Tuesday, June 22, 2010

The Endangered List (Case File #72)

This is a true story!

I was born in the Price Hill district, in Cincinnati. By the time I was 13, I had been in as many grammar schools – and states – as I had years on this earth.

My mother was a practicing alcoholic. My father was a hypochondriac, or “pill head.” I entered a seminary before I was 14, to study to be a priest. Priesthood represented something to me that my family did not.

In 1942, I left the seminary to go into the Navy Air Corps. My plan was to return to the seminary and earn my degree after World War II had been won. This I did…but not immediately after I was discharged.

First, I went to Hollywood to work with my father in the motion picture studios. My father was a wardrobe man. For the next few years I worked in various Hollywood studios – costuming, acting, dancing and writing. Then I decided to return to the seminary and resume my study for the priesthood.

After a year back in the seminary, I knew that I would not make a good priest. However, I stayed another year and completed my studies so that I could get my degree. Then I returned to Hollywood and to work in the studios as a wardrobe man with high hope of becoming a writer and possibly someday a director.

I married a fine woman and sired two lovely children – a boy and a girl. Eventually I got a break as a writer. Actor Russell Hayden had an idea for a TV western and I wrote it. He sold it and I wrote a series of 13.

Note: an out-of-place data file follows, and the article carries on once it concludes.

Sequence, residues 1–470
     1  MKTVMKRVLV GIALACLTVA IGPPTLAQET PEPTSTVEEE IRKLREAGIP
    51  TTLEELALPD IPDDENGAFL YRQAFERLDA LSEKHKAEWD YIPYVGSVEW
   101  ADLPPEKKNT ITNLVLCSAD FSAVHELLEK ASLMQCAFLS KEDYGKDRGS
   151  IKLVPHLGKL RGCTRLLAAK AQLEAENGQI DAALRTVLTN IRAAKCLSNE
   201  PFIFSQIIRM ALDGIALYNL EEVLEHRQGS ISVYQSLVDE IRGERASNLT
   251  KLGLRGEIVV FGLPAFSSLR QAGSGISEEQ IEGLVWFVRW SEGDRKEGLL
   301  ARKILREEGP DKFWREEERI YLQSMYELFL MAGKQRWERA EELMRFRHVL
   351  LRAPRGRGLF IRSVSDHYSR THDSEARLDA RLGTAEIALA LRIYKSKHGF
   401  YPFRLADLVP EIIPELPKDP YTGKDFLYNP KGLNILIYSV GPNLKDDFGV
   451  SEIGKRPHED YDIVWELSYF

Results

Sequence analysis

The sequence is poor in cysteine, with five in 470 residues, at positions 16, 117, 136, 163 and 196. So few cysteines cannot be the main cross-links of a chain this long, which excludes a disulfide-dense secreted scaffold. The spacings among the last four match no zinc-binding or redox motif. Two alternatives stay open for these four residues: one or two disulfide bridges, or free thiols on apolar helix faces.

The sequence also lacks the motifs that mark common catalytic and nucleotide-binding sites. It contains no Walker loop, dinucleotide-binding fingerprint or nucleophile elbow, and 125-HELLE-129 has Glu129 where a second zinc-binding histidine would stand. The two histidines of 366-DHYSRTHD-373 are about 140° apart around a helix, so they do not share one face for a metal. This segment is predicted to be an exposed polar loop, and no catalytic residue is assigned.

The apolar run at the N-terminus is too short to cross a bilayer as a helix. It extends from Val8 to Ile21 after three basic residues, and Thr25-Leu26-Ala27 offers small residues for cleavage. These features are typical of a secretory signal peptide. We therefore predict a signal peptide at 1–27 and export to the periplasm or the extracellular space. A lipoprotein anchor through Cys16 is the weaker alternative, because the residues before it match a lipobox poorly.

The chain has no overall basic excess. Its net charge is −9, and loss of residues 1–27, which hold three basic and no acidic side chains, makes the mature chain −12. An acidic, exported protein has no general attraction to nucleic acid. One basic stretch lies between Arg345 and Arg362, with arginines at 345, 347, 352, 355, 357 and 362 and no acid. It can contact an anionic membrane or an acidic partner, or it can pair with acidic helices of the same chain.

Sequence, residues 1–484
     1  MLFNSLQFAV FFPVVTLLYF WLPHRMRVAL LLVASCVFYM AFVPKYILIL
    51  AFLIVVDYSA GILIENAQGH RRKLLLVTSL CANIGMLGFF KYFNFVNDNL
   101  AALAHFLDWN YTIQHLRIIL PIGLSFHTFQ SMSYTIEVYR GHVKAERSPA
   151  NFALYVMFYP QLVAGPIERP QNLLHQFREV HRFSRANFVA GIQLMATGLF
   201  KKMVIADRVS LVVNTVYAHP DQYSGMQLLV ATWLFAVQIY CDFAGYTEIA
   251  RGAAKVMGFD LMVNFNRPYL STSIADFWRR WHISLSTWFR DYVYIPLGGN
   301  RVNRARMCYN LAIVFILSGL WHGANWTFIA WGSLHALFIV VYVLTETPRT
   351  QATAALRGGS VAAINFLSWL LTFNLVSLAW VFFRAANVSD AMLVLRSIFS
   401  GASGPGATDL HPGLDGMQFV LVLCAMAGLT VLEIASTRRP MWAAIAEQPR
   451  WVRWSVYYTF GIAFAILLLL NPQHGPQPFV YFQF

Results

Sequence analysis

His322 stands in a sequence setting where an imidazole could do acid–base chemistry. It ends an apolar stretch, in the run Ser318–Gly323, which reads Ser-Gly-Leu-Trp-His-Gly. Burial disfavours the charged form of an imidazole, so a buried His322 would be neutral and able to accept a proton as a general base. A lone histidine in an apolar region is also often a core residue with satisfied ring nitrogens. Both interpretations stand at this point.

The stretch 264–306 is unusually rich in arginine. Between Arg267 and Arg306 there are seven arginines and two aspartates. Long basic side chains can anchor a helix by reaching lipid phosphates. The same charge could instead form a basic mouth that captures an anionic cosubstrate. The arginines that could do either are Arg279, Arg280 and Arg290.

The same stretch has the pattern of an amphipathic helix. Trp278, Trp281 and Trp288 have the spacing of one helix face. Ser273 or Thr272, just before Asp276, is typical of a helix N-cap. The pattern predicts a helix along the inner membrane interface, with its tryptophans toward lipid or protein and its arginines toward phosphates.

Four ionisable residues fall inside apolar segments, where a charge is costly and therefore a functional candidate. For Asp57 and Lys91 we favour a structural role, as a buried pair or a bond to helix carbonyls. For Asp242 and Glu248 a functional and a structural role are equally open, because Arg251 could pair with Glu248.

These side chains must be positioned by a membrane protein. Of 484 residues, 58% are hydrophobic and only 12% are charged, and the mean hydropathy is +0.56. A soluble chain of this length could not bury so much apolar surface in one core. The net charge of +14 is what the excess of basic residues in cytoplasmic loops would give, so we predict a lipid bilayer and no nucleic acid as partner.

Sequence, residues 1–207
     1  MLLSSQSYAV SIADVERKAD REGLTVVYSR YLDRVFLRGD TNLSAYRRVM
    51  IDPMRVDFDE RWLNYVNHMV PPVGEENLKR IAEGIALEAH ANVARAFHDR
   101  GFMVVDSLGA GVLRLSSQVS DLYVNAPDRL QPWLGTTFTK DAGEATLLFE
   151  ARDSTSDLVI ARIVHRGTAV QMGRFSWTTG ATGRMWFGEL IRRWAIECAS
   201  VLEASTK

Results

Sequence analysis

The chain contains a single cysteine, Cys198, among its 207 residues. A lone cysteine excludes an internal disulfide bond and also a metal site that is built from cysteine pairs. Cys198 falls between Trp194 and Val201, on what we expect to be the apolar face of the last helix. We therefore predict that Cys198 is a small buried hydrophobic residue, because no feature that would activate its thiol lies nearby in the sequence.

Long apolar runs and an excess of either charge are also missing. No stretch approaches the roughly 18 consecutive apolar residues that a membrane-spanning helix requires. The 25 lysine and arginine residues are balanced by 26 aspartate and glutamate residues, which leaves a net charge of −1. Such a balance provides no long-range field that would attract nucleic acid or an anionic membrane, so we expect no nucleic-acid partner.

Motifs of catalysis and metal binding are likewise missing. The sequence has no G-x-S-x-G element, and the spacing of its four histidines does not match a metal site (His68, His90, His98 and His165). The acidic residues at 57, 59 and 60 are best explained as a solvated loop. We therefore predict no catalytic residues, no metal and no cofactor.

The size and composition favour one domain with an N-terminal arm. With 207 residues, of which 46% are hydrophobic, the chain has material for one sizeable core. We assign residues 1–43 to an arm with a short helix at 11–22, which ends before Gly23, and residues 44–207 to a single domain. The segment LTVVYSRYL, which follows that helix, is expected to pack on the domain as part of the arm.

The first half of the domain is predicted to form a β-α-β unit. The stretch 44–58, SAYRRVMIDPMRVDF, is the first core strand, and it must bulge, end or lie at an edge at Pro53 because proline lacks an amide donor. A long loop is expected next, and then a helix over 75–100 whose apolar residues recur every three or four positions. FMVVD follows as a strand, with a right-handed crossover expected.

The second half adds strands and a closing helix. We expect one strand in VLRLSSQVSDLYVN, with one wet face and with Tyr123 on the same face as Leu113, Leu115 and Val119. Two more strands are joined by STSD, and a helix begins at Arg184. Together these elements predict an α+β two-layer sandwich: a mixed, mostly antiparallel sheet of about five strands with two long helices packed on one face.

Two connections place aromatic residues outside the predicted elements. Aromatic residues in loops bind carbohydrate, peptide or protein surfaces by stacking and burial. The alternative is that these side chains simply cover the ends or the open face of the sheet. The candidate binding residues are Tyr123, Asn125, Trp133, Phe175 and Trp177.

Then I went down the tubes. I became an alcoholic and was consuming two-fifths of booze a day. By this time my father had died and my mother had found sobriety in A.A. She came to the rescue of her lost sheep. I joined A.A. and managed to stay sober for 8 months.

My downfall came while working at Paramount on a flick called BREAKFAST AT TIFFANY’S. I got turned on to terpine hydrate and codeine because of a bad chest cold. To avoid coughing during ‘takes,’ the wardrobe girl gave me some cough medicine. She didn’t know that I was an alkie and I didn’t know that the cough medicine was 40% alcohol with a grain of codeine per ounce. After several swigs I was off to the races.

Many months and several jails later, my mother accompanied by a priest put me in Synanon. I stayed there a few months before splitting (escaping). The trail to dope took me to New York City and there I was introduced to smack (Heroin) and made a connection around 125th Street and Lexington, which I now call “Paradise Lost.”

Eventually, I ended up back in Venice, Calif., living under a pier, the boss among many dope fiends. I wanted to live so I went back to Synanon again and stayed for more than two years. Because I went over the east wall instead of waiting for permission to leave, I am considered by Synanon to be an illegitimate child.

I will never be able to fully repay A.A. and Synanon, who with the help of God twice saved my life. Today, I live by the Golden Rule. I give not less than 10 hours each week of my time and talents to helping others who have a problem with booze, pills or dope. In addition, I give countless hours to worthy youth programs.

In 1962, I began writing a story for the screen. I know the powerful impact motion pictures have on the youth of the world.